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Raw meat diets pose danger to pets and owners, study finds

Researchers say harmful bacteria from raw meat can contaminate households and pose health risks

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Feeding your pet a raw meat could harm their health and yours, a new study warns.

Researchers based in the Netherlands say raw meat based-diets (RMBDs) may be contaminated with bacteria and parasites, which can pose a risk to both animal and human health.

“It has been claimed that feeding pets raw meat results in a better overall condition of the animals and could have a supportive role in controlling and preventing certain medical conditions in both dogs and cats such as allergies, skin and gastrointestinal tract problems,” said lead researcher Paul Overgaauw, from Utrecht University.

However, the researchers say their study shows no evidence that raw meat diets are healthier for pets. On the contrary, cats and dogs that eat raw meat diets are more likely to become infected with antibiotic-resistant bacteria than animals that are fed typical pet food.

Serious health risks

Overgaauw and his colleagues analyzed 35 commercial frozen raw meat diet products for pets that are widely available in the Netherlands and found E. coli bacteria in eight products (23 percent), listeria bacteria in 15 products (43 percent), and traces of salmonella in seven products (20 percent).

Eight products contained Sarcocystes parasites and two products (6 percent) contained Toxoplasma gondii parasites. The two types of Sarcocystes parasites found in the products only pose a risk to farm animals, but the investigators note that T. gondii can cause disease in people.

Commercial pet food safer

Some argue that conventional pet foods lose important nutrients during the heating process, while others say the consumption of unnecessary additives is avoided by feeding pets a raw meat based diet.

Others argue that it’s more natural for a carnivorous species to eat raw meat products. But even a little meat can be harmful to pets if it’s still raw and not heated, Overgaauw says.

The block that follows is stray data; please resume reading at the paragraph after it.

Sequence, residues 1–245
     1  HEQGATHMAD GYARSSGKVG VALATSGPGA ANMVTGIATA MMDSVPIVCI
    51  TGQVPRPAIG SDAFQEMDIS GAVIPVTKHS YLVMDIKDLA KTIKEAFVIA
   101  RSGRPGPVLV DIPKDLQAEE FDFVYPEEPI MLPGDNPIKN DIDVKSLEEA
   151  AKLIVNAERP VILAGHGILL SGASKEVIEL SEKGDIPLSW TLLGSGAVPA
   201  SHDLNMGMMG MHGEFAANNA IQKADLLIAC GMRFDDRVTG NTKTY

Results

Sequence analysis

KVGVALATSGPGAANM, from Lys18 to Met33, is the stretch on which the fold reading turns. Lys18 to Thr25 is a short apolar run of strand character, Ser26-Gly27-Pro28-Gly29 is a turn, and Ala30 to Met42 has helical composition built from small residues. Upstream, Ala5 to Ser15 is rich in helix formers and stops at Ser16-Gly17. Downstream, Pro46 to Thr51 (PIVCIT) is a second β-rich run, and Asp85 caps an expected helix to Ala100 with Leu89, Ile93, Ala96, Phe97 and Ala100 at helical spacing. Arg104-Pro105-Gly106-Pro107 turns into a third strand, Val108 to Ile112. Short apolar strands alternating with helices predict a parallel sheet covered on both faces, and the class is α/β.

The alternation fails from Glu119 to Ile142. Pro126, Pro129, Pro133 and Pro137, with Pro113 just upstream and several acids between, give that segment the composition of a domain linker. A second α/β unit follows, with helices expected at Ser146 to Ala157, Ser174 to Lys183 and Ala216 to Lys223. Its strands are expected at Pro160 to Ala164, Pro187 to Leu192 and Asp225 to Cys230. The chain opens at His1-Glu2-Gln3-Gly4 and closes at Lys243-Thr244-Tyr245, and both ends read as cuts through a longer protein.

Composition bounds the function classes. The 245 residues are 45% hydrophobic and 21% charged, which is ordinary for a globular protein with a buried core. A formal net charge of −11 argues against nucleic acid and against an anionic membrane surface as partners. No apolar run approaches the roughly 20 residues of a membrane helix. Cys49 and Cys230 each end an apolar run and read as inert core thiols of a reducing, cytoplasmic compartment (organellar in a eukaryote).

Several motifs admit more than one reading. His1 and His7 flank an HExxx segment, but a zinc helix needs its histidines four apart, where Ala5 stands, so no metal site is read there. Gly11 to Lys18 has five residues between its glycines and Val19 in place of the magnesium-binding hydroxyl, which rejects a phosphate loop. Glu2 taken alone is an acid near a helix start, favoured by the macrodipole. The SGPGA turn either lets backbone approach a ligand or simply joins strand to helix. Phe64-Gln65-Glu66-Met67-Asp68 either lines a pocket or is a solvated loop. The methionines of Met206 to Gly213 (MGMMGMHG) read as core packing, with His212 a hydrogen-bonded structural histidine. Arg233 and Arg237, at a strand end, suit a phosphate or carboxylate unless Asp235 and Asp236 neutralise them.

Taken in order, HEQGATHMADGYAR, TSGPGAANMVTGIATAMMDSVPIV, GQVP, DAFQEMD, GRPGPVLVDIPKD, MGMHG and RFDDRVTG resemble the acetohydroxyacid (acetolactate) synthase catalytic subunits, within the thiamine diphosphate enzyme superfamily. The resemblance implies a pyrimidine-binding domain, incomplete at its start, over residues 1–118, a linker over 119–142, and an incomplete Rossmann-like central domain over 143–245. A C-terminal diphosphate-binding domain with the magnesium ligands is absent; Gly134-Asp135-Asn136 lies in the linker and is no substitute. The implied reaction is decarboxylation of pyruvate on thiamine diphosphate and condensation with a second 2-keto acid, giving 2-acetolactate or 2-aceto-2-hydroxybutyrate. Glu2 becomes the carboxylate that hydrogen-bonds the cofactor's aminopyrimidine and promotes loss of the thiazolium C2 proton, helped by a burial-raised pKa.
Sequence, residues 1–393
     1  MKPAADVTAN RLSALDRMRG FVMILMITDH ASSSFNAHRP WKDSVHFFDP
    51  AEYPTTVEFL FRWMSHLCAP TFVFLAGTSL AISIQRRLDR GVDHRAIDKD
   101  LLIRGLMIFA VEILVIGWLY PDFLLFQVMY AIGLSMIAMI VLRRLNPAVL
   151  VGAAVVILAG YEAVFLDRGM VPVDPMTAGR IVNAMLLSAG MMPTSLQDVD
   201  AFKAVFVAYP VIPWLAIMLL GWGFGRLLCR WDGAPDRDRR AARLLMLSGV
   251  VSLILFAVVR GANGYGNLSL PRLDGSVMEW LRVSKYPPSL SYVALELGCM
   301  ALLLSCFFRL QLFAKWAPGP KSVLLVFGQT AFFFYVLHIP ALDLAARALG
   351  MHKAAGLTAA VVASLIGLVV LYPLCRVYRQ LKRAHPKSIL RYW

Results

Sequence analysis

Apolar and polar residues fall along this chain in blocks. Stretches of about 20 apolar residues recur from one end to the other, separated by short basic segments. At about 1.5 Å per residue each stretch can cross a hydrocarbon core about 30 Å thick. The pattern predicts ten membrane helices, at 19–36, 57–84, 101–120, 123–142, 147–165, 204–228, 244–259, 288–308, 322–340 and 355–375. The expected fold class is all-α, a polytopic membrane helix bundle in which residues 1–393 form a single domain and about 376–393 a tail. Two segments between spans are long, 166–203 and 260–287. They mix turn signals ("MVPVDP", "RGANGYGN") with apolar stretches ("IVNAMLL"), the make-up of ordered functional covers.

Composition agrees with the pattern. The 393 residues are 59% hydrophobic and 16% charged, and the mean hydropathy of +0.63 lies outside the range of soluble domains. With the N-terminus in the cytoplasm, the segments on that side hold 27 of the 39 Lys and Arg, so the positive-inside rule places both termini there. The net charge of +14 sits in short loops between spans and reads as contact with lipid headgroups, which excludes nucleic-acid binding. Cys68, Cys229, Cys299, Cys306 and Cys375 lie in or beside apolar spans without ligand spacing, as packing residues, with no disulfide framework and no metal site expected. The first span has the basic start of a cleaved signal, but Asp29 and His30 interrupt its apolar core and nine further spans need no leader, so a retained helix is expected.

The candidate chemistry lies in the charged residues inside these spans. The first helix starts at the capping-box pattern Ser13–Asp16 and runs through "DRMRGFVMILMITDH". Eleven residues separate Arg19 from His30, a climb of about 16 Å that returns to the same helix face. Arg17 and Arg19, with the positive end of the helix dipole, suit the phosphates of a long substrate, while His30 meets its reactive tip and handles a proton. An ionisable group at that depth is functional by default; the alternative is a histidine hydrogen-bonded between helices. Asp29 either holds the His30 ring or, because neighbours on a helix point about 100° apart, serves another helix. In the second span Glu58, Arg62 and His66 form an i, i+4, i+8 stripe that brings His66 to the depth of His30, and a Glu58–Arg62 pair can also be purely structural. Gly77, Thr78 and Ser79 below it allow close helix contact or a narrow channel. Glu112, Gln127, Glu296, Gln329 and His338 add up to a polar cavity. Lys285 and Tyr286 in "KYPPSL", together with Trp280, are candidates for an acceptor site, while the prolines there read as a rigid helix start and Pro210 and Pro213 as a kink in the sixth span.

Commercial dry or canned pet foods are safer because the composition of the food is complete and optimally balanced in terms of nutrients, he said. Conventional pet food is also heated during processing, which kills all germs.

Safe handling

Pet owners and other household members can come into contact with antibiotic-resistant bacteria in several ways, including direct contact with the food or with an infected pet, through contact with contaminated household surfaces, or by eating cross-contaminated human food.

The study authors say pet owners should be informed about the risks associated with feeding their animals raw meat-based diets. Pet owners should also be educated about personal hygiene and proper handling of raw meat products.

When handling raw meat products, Overgaauw suggests taking the following precautions:

  • Buy frozen meat (freezing kills most parasites and Campylobacter bacteria)

  • Defrost in bowls or on plates that will only be used for this purpose

  • Handle the raw meat hygienically in the kitchen and wash the surface, your hands, and all utensils thoroughly afterwards

  • Use feeding bowls that will only be used for this purpose

  • Remove the bowls as soon as possible (but within half an hour) to prevent too much bacterial multiplication and wash these thoroughly with hot water.

The full study has been published in the journal Vet Record.

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